The blockchain in finance
finance golang banking infrastructure

The blockchain in finance

Kyle Redelinghuys
Kyle Redelinghuys

Over the past few months I’ve been looking into banking infrastructure, and what it could look like if it was re-engineered with our current knowledge of software. I’ve touched on the UX experience for OTP, as well as started writing the payments portion.

As I continue development on this project (feel free to follow along at Github), I continually question assumptions and look for the best alternatives available. My understanding of the banking industry at a software and hardware implementation level (server organisation, regulation application, failovers, etc) is fairly limited, but strong enough to make a decent attempt on how it could be done.

As part of the payments processing I am currently tackling, I have started doing the database store. For now MySQL is being used for the transactions. Having a relational database is necessary and MySQL can be performant enough for most applications but the other choices included PostgreSQL, RethinkDB, and the likes of Hadoop and Apache Storm. At least some of these will be used in the application at some point, as trend observers and for statistics on bank usage as two examples.

The problem

The current client-server setup has many clients connecting to a single server (or servers cluster) which connects to a single database store (or database cluster). The problem this poses is that there are single instances of these servers, even if they are clustered. Database stores can be distributed through replication, and with MySQL it becomes fairly expensive.

Ideally, the architecture would have a multitude of servers and a multitude of databases all in sync with each other, where any single server can be used as an access point.

The blockchain

The blockchain provides a resilient option for a distributed database implementation, ideal for the above scenario. With each server having blockchain access, one could write a transaction from any server and it would be available to all other servers. Many clients can connect to many servers without concern on the underlying data validity. As a result, multiple banks may share access to this blockchain, allowing for interbank transfer regardless of geographical positioning.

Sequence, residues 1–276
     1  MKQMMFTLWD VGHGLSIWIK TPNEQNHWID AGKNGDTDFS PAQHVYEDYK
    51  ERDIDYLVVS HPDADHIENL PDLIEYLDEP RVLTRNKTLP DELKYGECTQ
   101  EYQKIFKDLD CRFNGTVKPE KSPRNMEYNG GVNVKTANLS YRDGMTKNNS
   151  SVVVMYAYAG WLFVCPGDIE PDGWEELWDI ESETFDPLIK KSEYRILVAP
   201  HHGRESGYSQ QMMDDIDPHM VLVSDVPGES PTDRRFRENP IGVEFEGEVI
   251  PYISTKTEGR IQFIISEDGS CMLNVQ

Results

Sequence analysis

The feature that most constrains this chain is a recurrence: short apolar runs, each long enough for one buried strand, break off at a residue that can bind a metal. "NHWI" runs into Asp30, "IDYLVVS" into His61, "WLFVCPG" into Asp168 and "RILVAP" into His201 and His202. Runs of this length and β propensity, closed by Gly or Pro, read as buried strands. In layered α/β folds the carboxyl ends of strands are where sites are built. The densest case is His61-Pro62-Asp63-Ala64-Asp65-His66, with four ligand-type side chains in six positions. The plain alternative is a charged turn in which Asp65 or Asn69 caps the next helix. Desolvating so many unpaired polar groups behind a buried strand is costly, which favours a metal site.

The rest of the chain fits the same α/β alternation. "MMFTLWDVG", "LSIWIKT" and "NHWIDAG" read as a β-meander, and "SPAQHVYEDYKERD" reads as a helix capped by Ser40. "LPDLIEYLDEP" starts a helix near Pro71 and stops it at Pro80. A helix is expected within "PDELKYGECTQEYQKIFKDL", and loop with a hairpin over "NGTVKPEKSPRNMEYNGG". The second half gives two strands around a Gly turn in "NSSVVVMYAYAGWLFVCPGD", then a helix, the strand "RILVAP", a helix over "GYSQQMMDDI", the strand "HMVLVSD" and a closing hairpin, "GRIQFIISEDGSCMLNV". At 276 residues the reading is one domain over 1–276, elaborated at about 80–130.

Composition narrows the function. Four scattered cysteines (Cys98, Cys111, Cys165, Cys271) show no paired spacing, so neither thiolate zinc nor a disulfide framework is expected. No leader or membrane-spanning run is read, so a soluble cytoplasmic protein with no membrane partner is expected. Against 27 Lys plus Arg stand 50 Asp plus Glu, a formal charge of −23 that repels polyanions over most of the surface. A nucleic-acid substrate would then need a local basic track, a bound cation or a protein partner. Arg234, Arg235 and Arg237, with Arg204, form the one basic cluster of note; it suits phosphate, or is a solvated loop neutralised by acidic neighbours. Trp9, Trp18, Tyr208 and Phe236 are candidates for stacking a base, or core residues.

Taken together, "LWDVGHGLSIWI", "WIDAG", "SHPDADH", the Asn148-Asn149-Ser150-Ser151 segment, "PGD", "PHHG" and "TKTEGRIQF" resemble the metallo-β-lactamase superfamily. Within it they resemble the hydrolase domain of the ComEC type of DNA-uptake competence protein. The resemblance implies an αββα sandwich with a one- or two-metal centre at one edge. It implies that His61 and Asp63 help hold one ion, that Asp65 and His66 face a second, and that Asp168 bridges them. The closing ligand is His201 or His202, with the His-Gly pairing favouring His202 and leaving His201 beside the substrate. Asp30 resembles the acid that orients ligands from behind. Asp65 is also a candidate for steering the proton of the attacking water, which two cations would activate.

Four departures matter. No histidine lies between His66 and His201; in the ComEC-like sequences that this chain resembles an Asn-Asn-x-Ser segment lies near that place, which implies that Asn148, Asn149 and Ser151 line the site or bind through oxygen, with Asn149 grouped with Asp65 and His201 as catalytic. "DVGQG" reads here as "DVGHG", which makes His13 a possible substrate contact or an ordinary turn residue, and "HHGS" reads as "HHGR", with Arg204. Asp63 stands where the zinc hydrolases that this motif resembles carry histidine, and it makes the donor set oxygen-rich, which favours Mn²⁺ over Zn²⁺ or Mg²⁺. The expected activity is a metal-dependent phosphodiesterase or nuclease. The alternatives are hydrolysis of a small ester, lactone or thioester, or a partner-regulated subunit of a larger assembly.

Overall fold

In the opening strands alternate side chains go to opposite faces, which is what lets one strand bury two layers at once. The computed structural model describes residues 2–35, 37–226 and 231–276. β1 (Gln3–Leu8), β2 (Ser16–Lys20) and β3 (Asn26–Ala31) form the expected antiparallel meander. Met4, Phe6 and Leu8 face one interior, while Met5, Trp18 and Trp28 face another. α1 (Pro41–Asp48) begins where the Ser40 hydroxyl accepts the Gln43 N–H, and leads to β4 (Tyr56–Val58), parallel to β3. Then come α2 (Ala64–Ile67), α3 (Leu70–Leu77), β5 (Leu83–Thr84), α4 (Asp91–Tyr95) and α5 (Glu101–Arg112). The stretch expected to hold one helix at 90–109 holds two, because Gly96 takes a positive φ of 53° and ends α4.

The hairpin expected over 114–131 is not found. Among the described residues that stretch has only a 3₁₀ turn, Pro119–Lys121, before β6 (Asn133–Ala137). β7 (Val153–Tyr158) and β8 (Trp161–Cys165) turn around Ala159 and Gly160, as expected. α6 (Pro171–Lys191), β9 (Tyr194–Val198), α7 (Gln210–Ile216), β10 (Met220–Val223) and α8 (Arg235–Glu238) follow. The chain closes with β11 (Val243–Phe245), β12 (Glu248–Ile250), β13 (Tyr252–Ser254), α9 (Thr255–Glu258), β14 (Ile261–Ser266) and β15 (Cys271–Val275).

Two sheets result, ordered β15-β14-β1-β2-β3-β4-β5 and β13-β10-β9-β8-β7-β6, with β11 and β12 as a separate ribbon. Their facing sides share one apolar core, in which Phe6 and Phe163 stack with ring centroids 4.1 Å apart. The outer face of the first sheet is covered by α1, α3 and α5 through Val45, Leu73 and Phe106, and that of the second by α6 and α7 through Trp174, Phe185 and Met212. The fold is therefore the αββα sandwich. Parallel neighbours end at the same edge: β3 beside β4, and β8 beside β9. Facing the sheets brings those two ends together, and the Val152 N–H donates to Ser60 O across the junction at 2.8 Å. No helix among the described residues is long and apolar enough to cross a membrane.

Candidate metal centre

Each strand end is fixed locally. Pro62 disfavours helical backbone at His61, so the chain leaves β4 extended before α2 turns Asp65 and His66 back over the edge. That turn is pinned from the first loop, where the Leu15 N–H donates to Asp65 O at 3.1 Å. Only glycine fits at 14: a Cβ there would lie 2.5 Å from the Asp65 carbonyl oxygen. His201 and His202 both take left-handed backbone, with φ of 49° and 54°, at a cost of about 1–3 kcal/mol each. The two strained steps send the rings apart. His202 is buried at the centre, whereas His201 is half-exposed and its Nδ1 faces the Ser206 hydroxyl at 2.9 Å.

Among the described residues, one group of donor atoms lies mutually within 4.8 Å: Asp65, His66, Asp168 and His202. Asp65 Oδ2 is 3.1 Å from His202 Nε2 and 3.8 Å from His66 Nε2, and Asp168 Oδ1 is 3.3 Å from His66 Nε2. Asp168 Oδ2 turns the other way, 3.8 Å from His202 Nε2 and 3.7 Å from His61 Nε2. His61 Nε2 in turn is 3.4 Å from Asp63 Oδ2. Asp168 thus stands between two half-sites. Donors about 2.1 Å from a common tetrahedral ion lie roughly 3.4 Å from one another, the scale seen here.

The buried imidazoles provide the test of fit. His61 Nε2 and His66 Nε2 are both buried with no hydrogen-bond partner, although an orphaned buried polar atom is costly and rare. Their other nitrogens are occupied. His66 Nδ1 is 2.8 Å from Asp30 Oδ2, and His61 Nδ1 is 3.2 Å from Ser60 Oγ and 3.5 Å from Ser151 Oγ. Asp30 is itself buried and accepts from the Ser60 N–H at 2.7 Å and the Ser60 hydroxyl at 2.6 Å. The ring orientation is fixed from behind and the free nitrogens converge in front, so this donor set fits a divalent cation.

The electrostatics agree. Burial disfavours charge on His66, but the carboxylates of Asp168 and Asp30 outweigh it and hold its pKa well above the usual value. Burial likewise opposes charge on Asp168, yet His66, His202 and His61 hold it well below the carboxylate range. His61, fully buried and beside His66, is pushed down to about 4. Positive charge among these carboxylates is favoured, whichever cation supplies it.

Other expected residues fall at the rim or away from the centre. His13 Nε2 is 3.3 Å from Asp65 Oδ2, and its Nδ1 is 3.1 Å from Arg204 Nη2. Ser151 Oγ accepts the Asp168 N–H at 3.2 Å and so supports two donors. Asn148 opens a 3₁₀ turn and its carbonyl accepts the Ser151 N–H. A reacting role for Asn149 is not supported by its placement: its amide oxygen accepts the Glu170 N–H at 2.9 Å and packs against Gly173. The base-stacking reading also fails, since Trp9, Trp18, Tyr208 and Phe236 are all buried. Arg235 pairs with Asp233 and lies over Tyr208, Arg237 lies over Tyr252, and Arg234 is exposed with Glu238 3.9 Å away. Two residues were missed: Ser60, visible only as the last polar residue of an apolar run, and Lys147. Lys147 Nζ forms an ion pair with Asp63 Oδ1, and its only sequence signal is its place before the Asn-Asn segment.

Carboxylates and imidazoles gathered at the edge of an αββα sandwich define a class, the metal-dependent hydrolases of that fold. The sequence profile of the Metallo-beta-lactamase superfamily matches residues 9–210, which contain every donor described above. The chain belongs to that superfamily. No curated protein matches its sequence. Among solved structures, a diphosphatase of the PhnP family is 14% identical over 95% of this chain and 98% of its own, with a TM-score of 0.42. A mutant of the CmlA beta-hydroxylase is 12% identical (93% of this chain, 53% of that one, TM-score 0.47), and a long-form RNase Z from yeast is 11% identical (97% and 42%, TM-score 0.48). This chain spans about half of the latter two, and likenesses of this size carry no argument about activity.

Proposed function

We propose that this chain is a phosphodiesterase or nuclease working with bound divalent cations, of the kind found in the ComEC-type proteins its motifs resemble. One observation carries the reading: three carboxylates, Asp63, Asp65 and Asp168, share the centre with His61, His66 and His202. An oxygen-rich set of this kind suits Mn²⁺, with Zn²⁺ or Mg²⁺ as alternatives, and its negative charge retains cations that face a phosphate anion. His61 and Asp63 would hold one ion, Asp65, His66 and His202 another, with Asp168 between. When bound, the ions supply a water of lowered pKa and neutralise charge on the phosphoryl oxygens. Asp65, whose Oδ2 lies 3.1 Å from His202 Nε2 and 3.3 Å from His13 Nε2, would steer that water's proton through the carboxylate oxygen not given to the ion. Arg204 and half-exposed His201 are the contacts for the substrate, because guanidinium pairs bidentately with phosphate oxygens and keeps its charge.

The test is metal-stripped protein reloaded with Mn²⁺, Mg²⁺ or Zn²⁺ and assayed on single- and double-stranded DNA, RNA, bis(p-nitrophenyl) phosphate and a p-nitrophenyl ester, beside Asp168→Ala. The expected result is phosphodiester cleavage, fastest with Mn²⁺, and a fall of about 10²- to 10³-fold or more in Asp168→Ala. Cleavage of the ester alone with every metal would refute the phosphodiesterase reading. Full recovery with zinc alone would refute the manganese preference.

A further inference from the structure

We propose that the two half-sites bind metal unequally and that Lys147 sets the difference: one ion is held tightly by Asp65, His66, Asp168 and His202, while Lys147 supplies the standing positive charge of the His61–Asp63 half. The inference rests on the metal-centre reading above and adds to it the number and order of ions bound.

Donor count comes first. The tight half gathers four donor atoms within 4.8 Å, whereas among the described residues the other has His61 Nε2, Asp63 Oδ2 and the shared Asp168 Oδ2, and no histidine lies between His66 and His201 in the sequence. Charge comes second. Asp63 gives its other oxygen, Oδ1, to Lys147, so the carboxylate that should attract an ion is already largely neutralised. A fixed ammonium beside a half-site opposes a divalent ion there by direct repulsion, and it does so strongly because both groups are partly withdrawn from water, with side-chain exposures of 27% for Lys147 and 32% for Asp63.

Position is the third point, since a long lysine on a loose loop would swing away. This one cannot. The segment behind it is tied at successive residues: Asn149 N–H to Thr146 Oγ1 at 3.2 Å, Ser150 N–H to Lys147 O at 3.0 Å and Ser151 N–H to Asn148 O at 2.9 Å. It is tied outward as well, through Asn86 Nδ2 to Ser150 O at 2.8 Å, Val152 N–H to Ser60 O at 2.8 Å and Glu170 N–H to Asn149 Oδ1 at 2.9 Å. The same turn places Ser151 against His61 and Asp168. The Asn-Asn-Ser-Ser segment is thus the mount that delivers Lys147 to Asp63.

Bitcoin and the blockchain

Bitcoin uses the blockchain as its underlying store, reading and writing to the chain and letting the chain propagate. Cryptography is used to check validity of transactions, and fees are taken implicitly on the blockchain as payment for miners on the network.

Our implementation would exclude Bitcoin as we do not need a currency store and we need to do more than have a single type of information stored on the chain. Bitcoin transactions have a sender, recipient, amount deducted from sender, amount received by recipient, and implied fee (see here for a detailed explanation of transactions). This is suitable for transactions, but not for anything more complex - loan origination, asset handling, contracts, etc.

Multiple companies have addressed this by creating their own chains (or side chains), or writing new ones completely based on the blockchain. These chains are either company-specific or proprietary, and many involve some currency. The ideal we are searching for is: an extendible, open blockchain which allows for any asset to be written to it while maintaining the cryptographic standards currently available in the blockchain.

Finding a blockchain sans Bitcoin

Certainly this idea of using the blockchain has been thought of before (hence companies being built around various implementations), so it would make sense that there is some code or literature detailing how this is done. To date, I have found nothing close. All bitcoin code is available, in various implementations and languages, but nothing that is an accessible blockchain. This could be for several reasons:

  • It is a technically complex task to do properly
  • Companies already involved in this space want to maintain early mover advantage
  • The demand is not yet high enough to warrant the development

Whichever reason it is, the result seems to be the same: if a transaction agnostic blockchain is needed, it will have to be developed.

Note: if this is not the case, and you know of a codebase or tutorial, please get in touch and point me in the right direction.

The net result is that a blockchain is a far superior data store for what I am aiming to achieve with the banking infrastructure I am currently building out. Being fairly proficient in Go it is my language of choice for this project, and I managed to find an implementation of the Bitcoin code in Go. From initial observation, I have found some places of interest where message length and type could be altered.

Conclusion

The blockchain has garnered some great interest in the financial industry for good reason. Having an accessible blockchain to use in development for any application would be helpful, and building it will give great insight into the Bitcoin core. The next steps are to build out the bank using simple database stores for accounts, transactions and more. The blockchain will then be separately researched and built out. The goal is then to replace transactions (and perhaps more) with the blockchain.

Definitely a long and exciting road ahead.

Image courtesy Chains bokeh